UPDATE: Beckett Simonon’s new line of shoes are in! Check out my new review here!
I recently picked up a pair of kicks from Beckett Simonon in my quest to find higher quality dress shoes at a price that didn’t make me want to cry myself to sleep at night on an empty stomach. I settled on the Caine oxford cap-toes. This is my experience so far.
Also, keep reading to get our exclusive promo code to take $15 off your order!
EDIT: Beckett Simonon is launching a somewhat new, pre-order based business model, so the Caine oxfords are no longer available. You can read about the relaunched business here, or visit here to see Beckett Simonon’s current lineup of products.
Beckett Simonon is a startup from Colombia that aims to provide high quality shoes at a somewhat affordable price point. The shoes carry high-end characteristics — Goodyear welting, full grain leather uppers, and leather soles — that are normally found only on shoes in the $300+ price range (more on why these are important in an upcoming post). The company supposedly achieves lower prices by having no “middleman” — they sell the shoes directly from their website as opposed to through brick-and-mortar retail outlets. Consumers obviously also save some money by forgoing a designer brand name.
Although I’ve read some negative reports on their customer service, my personal experience with Beckett Simonon was quite impressive. After placing my order, I decided that I wanted to go with a smaller size than the one I had ordered. So I contacted support and Santiago replied to me shortly afterward saying that since they had recently redone their sizing, he would send me two different sizes (shipping is free both ways) along with a return label to send back the one I didn’t want to keep.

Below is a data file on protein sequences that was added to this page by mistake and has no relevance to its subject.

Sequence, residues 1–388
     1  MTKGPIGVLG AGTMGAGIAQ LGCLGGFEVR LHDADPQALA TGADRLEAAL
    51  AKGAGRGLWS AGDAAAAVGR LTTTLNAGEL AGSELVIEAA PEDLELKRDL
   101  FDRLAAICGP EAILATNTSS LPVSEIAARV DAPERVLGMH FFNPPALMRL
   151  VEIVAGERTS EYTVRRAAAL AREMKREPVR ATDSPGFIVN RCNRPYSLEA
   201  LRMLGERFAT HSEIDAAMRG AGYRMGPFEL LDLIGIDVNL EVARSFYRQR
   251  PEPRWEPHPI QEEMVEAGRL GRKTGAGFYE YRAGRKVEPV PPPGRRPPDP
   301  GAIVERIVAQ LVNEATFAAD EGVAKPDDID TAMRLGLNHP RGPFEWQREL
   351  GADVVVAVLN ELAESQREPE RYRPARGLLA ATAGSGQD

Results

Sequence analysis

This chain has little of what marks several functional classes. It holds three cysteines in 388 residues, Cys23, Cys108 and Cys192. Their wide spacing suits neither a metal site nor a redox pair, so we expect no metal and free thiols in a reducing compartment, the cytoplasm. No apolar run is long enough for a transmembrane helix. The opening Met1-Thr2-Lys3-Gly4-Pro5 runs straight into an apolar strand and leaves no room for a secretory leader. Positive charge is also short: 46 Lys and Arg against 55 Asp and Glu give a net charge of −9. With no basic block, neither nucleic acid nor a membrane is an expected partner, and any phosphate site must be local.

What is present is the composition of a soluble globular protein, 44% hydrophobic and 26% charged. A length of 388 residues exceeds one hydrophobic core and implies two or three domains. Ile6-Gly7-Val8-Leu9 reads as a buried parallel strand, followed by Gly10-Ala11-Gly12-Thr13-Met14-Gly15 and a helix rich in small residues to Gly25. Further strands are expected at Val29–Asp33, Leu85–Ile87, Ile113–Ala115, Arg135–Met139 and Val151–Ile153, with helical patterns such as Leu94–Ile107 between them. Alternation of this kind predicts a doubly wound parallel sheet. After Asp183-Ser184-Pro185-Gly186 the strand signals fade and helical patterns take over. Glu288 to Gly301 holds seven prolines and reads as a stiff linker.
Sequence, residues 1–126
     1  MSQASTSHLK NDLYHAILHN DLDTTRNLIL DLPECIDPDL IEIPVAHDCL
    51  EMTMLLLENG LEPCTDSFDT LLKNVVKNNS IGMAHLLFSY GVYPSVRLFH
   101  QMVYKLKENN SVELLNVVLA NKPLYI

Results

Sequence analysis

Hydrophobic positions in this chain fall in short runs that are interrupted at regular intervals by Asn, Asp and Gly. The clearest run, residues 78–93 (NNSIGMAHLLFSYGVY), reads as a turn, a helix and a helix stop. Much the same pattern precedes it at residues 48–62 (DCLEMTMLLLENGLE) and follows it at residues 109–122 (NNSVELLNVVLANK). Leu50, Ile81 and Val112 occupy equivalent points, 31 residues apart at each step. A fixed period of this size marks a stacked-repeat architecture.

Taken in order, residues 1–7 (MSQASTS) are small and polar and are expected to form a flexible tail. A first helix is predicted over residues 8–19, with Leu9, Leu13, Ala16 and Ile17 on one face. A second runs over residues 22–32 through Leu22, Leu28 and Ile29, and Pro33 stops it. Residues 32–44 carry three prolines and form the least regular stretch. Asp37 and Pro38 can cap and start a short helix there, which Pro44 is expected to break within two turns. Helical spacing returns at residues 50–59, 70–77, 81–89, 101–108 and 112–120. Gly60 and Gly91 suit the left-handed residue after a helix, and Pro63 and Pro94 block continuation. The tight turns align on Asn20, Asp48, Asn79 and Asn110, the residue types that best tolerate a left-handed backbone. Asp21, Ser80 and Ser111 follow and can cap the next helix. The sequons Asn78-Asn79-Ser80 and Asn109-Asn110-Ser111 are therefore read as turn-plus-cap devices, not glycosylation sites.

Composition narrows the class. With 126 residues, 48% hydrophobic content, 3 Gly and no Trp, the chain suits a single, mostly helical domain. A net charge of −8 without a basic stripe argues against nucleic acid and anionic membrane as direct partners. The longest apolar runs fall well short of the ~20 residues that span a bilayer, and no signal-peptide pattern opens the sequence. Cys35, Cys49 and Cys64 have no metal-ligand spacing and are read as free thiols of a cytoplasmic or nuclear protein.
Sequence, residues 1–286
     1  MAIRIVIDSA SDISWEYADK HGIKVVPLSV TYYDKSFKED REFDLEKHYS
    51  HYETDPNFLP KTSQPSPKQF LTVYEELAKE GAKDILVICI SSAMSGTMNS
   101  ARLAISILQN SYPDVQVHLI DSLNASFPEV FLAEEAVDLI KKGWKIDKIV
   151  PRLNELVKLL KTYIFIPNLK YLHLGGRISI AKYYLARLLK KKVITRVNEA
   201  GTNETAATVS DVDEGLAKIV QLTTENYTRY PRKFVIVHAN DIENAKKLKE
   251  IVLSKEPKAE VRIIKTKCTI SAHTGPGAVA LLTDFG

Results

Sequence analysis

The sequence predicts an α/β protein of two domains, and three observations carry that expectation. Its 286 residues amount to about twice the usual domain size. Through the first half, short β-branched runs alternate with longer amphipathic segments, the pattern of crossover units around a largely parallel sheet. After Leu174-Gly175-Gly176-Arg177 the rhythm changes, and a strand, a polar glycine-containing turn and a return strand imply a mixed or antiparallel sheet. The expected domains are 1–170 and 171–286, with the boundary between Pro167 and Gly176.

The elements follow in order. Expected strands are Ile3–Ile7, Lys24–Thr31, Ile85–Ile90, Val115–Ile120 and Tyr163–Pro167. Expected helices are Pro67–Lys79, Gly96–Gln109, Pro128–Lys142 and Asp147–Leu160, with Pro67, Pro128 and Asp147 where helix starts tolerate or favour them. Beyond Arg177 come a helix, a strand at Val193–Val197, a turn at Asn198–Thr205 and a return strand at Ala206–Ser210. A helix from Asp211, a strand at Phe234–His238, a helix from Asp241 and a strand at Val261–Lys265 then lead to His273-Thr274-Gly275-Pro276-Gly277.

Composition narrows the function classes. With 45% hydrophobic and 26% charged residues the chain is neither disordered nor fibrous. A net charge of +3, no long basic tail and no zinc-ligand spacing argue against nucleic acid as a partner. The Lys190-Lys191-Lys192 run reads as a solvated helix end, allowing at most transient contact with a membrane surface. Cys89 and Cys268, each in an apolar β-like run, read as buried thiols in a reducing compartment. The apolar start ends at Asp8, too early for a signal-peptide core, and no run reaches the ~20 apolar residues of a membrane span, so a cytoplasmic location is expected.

A few days later I had a box in front of me. I could tell that the company wanted to make a good impression on their customers. In addition to the shoes, the package came with extra laces, individual dust bags, and a shoe horn.
Beckett Simonon states that all their shoes are made with full grain leather, which is the highest grade, and most expensive, of leathers. Cheaper, corrected-grain leather (also called “top-grain leather” to fool the uninformed), which is used by the vast majority of dress shoes, even many supposedly “high-end” expensive brands, is more liable to crease, crack, and wear out than full grain leather, which will instead develop an attractive “patina” when properly cared for. Beckett Simonon’s shoes also feature “Goodyear welting,” which is the most durable (and also most expensive) type of shoe construction. This essentially means that the upper and soles are attached to a “welt” using old-school stitching rather than a crappy gluing or cementing process. Welted soles are also replaceable, unlike cemented ones, which further extends the life and usage of a good shoe.